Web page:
Subjects depicted
Summary
Two studies of men, at left a young man in profile wearing a blue cloak and black hat and at right a bewigged man wearing a pale blue long coat and vest with a white cravat, black stockings and a fur muff, carrying a black tricorn hat in his right hand. This work is part of an album of fifty-three sketches by Carlevarijs which includes figures he appears to have painted in the open air in preparation for insertion into formal compositions. The figure at the right reappears for example in The Molo and the Riva degli Schiavoni, Looking East and in The Piazetta, towards the punta della Dogana both now in private collections.
Bibliographic References
  • Kauffmann, C.M., Catalogue of Foreign Paintings, I. Before 1800, London: Victoria and Albert Museum, 1973, p. 56-63, cat. no. 60 (P.26-1938 - P.78-1938)
  • John Pope-Hennessy, 'A Group of Studies by Luca Carlevarijs', The Burlington Magazine for Connoisseurs, Vol. 73, No. 426 (Sep., 1938), pp. 126-131.
  • Anon., 'Early Venetian Costume Studies' in Listener,22 September 1938, p. 613.
  • F. Mauroner, Luca Carlevarijs,2nd ed., 1945, p. 24, figs. 32 (P.57), 33 (P.55), 34 (P.69)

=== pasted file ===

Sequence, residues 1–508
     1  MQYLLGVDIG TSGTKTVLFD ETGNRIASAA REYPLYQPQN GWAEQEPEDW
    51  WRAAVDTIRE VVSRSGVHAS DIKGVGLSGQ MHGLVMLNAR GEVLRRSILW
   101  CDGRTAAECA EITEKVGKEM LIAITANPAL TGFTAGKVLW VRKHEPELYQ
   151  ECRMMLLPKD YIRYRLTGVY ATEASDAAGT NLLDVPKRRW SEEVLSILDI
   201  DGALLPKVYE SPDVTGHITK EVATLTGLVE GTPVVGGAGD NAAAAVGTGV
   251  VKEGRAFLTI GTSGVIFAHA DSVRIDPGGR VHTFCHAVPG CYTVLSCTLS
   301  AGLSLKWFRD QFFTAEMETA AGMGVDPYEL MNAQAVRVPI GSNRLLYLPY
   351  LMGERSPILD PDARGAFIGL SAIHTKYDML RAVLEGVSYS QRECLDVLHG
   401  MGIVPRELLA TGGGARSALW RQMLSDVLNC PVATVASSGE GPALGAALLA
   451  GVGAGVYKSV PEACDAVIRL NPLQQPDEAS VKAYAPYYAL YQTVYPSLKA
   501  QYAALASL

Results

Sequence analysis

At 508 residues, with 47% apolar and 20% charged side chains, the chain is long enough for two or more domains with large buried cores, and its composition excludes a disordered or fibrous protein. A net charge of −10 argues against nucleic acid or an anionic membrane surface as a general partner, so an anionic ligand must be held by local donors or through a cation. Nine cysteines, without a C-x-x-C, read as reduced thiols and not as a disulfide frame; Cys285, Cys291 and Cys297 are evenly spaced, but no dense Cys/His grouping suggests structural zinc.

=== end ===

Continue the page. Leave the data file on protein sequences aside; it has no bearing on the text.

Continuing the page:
• M. Levey, Painting in XVIII century Venice, 1959, p. 79.
  • W. G. Constable, Canaletto,i, 1962, pp. 70, 73 f., pl. 9 a (P.69) and b (P.55)
  • A. Rizzi, Disegni, incisioni e bozzetti del Carlevarijs, Exh. Cat. Udine, 1964, pp. 53-7, figs. 113-20.
  • The Glory of Venice : art in the eighteenth century. Jane Martineau and Andrew Robison (eds.), Exhibition held at the Royal Academy of Arts, London, September 15 - December 14, 1994 and at the National Gallery of Art, Washington, D.C., January 29 - April 23, 1995.
  • Harris, Rose, Life in XVIII Century Venice, Iveagh Bequest, Kenwood, London, 1966
  • A. Rizzi, Luca Carlevarijs,1967, p. 97 f., figs. 1-53 (Bozzetti).
  • Isabella Reale and Dario Succi, Luca Carlevarijs e la veduta veneziana del Settecento Exh. Cat., Milano : Electa, c1994.
  • Venice, 1700-1800: an exhibition of Venice and the eighteenth century (The Detroit Institute of Arts [and] John Herron Art Museum), 1952, pp. 9-12, 23-26.
  • Luca Carlevarijs, Le fabriche e vedute di Venetia Exh. Cat., Venezia : Marsilio, 1995-1996.
  • Charles Beddington, Luca Carlevarijs : views of Venice Exh. Cat. (San Diego, Calif.: Timken Museum of Art, c. 2001), p. 19, fig. 17.
  • Victoria and Albert Museum, Department of Engraving, Illustration and Design and Department of Paintings, Accessions 1938, London: Board of Education, 1939.
Collection
Accession Number
P.41-1938

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record createdMay 8, 2007